October 21, 2006
This is a working paper regarding “how to” get favors for a reunion.
- Appoint a one to three person Favors Working Committee to find the “right” favors given the “right” balance of quality and price and reserve major decisions for the Reunion Committee as a whole.
- Decide what kinds of favors might be suitable and search the Internet for more information.
- Get referrals from the HAA and find local distributors listed in the Yellow Pages under “Promotional Products” to “out-source” the task of finding the “right” favors.
- Share information with distributors to get competitive quotes.
- Get free samples (without artwork) for “show and tell”.
- Get an experienced/trained person to assist with artwork.
- Have the HAA (using tax-exempt status) place orders “Subject to acceptance of artwork.”
- Ask the HAA for an introduction to their printer who can assist with production of artwork and a computer file(s) to go to suppliers.
- Check silk screen charges.
- Arrange for favors to be drop-shipped to your headquarters.
As you know, choosing favors is one of the more difficult tasks facing a Reunion Committee. Favors given to classmates and guests during registration at the beginning of a reunion provide a first impression that can add to or lessen the anticipated pleasure of a reunion. It is difficult if not impossible to please everyone but it seems reasonable to try to find favors that might be useful during a reunion and have some lasting value.
Organizing for Success
Reunion Committee Chairs have confirmed that a reunion committee as a whole should be limited in the scope of its involvement with favors. Of course, the Reunion Committee Chair can decide but it is strongly recommended that the committee as a whole be limited to major decisions such as suggesting a budget or the kind of items that might be considered or will be completely unacceptable.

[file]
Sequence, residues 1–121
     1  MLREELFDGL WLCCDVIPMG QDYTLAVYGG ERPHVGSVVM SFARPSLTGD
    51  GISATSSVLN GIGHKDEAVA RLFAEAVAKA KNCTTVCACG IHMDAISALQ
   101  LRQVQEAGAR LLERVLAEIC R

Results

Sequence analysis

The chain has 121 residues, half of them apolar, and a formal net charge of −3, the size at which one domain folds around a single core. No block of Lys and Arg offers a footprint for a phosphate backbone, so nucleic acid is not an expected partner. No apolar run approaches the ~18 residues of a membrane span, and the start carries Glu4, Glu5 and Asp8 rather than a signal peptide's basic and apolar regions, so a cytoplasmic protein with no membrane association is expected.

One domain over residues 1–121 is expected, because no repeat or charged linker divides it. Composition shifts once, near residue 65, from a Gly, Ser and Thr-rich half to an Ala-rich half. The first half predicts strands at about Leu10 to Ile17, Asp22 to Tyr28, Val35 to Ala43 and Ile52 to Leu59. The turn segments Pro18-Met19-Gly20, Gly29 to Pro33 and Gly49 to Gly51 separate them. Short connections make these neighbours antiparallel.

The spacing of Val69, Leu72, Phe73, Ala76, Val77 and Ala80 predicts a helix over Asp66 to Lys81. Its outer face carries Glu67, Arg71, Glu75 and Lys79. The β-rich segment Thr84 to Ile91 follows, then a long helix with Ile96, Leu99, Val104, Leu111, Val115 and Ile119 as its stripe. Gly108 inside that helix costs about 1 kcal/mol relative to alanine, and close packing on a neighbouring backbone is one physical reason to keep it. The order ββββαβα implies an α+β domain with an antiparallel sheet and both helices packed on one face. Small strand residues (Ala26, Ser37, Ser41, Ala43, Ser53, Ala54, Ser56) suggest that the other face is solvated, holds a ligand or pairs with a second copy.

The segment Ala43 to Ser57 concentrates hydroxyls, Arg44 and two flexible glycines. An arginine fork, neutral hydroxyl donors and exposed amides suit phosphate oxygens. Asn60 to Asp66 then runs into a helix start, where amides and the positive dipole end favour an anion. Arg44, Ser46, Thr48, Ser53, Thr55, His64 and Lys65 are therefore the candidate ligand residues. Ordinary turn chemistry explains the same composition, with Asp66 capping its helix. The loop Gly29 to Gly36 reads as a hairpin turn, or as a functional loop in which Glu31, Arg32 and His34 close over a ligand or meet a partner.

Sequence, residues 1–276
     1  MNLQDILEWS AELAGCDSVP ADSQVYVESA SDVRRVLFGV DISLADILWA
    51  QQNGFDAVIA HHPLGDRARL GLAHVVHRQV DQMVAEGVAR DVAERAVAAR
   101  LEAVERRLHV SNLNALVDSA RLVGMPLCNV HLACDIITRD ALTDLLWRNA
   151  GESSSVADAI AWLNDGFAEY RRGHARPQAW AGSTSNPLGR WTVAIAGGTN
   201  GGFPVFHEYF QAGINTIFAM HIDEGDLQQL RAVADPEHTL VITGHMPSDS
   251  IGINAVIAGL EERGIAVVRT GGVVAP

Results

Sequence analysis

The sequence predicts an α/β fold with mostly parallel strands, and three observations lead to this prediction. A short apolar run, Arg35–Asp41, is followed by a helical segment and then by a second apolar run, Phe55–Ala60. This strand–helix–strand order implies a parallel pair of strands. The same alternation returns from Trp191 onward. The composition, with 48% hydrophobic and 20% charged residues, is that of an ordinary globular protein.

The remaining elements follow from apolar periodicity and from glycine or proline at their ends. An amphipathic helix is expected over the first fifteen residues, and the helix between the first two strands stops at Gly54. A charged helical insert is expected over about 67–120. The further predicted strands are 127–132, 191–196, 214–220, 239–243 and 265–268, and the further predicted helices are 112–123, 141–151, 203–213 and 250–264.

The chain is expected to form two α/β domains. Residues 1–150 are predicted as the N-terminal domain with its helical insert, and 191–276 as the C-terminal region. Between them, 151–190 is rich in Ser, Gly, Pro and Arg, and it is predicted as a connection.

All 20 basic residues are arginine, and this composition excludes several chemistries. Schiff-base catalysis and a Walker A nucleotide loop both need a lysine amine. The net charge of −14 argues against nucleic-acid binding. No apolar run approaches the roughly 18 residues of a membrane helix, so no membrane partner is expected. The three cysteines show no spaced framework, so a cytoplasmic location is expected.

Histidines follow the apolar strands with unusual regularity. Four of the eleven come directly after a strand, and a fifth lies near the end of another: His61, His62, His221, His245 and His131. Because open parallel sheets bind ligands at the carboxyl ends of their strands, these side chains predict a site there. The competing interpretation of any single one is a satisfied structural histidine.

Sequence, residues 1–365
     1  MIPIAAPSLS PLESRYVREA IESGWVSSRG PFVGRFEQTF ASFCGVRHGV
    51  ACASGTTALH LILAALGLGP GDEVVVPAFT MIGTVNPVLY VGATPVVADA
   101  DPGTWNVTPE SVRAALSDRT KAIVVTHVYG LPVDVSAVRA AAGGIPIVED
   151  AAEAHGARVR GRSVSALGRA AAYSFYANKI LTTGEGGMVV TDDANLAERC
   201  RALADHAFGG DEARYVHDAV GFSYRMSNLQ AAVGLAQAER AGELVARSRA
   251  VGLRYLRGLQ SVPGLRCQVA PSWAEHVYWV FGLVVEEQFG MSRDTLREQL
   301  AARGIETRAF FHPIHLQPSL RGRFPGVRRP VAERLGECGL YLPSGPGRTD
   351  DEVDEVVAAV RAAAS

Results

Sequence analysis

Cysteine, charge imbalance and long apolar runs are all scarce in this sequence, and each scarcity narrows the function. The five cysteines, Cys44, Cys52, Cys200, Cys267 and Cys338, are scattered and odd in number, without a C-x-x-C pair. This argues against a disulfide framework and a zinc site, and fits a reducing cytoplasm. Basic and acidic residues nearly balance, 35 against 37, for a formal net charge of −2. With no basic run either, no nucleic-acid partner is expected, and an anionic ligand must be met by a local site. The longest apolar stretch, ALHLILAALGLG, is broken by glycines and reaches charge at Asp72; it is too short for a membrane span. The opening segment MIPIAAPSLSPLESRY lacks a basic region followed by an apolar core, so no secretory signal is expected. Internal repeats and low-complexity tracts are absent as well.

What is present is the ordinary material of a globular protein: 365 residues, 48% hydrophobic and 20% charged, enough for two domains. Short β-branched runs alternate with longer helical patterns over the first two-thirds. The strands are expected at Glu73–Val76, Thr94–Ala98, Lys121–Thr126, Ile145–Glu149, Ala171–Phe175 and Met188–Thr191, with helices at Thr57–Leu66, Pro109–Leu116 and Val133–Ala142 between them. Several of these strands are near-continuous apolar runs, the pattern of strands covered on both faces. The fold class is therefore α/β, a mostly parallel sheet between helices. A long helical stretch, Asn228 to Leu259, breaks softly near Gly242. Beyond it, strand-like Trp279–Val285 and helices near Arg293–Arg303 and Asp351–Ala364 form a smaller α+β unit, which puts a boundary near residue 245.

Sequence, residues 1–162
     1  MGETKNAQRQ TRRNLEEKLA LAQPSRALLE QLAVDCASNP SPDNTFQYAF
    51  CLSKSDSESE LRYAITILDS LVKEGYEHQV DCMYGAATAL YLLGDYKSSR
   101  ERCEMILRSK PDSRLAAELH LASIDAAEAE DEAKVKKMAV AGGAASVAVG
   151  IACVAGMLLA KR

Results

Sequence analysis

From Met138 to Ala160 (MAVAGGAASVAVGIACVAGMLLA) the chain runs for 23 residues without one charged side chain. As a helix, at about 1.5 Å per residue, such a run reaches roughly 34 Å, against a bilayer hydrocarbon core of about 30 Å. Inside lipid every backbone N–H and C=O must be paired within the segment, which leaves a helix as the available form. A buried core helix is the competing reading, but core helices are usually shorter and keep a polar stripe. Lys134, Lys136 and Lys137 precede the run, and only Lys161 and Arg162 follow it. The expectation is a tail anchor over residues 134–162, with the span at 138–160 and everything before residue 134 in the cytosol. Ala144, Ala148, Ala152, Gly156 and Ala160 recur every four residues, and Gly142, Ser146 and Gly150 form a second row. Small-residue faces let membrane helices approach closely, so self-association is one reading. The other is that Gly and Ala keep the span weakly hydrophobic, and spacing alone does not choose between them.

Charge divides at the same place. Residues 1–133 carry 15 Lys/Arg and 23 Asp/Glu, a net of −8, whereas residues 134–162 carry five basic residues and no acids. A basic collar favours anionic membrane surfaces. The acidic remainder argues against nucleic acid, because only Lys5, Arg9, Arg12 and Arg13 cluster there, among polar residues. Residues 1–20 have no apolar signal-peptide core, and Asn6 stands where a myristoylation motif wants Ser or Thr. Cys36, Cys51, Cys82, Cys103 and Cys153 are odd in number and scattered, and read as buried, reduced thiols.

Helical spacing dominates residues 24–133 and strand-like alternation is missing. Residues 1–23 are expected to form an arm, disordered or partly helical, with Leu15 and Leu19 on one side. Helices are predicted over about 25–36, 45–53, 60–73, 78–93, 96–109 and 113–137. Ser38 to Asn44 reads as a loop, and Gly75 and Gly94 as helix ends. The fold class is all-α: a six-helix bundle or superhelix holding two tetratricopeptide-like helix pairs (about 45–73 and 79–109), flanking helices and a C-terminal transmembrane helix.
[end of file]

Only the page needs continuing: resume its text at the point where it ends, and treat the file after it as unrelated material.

Reunion Chairs recommend that a Favors Working Committee be established consisting of one or two but not more than three people. The fewer the number of people, the better. Care should be taken to find people who are practical, have good taste, and, of course, are willing to undertake the task. The task is to choose the “right” favors of the “right” design given the “right” balance of price and quality.
One of the first steps is to decide what kinds of items might be suitable as “give away” reunion favors. These choices are independent of decisions regarding design, quality, or price.
Other than the weird or outlandish, there seem to be three kinds of items that have been chosen for reunion favors:
1. The usual “standards” such as umbrellas, hats, and tote bags.
If nothing else, it is recommended that an umbrella be one of the items included as a favor for each reunion attendee. An umbrella is a hedge against rain. And, if the sun shines on your reunion, classmates and guests have a useful memento to take home.
Hats are also thought to be good reunion items, since, if worn, they make classmates and quests feel they are a part of a unique group. Of course, hats will not be worn if classmates and guests don’t like them and women don’t always like hats that men like nor do women find all hats flattering.
Tote bags or a modest sports bag are also useful items during a reunion for carrying reunion handouts or Harvard Square purchases. And, of course, a tote bag has a utilitarian value beyond a reunion if it is of good quality and pleasing design.
2. Special items such as a scarf for women, a class tie, or some kind of wearing apparel such as a polo shirt or, for a fall reunion, a fleece jacket.
These can be substantial items of careful design, high quality and good taste that can become treasured and often used items. They tend to be more expensive than other favors so care in decision making is in order.
Note that if a reunion committee wishes to consider a wearable item such as a fleece jacket, a polo shirt, or even a “T” shirt and if classmates and guests are to wear such favors, they have to be the right size. Then, a decision has be to made whether or not: (a) Classmates and guests will be asked to send in their size with their registration form which should be received early enough so favors will be available at registration given a size distribution that matches the responses, or (b) With help from the supplier, a distribution of sizes will be ordered that might fit the distribution of different size classmates and guests.
3. Many small, relatively inexpensive items such as pens, pen and pencil sets, coffee mugs, etc.